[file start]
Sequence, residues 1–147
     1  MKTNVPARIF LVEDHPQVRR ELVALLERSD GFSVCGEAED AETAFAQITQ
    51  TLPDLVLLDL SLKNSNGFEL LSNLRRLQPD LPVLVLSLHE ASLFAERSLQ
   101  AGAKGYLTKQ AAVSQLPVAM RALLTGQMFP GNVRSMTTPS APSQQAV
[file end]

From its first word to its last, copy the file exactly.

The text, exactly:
Sequence, residues 1–147
     1  MKTNVPARIF LVEDHPQVRR ELVALLERSD GFSVCGEAED AETAFAQITQ
    51  TLPDLVLLDL SLKNSNGFEL LSNLRRLQPD LPVLVLSLHE ASLFAERSLQ
   101  AGAKGYLTKQ AAVSQLPVAM RALLTGQMFP GNVRSMTTPS APSQQAV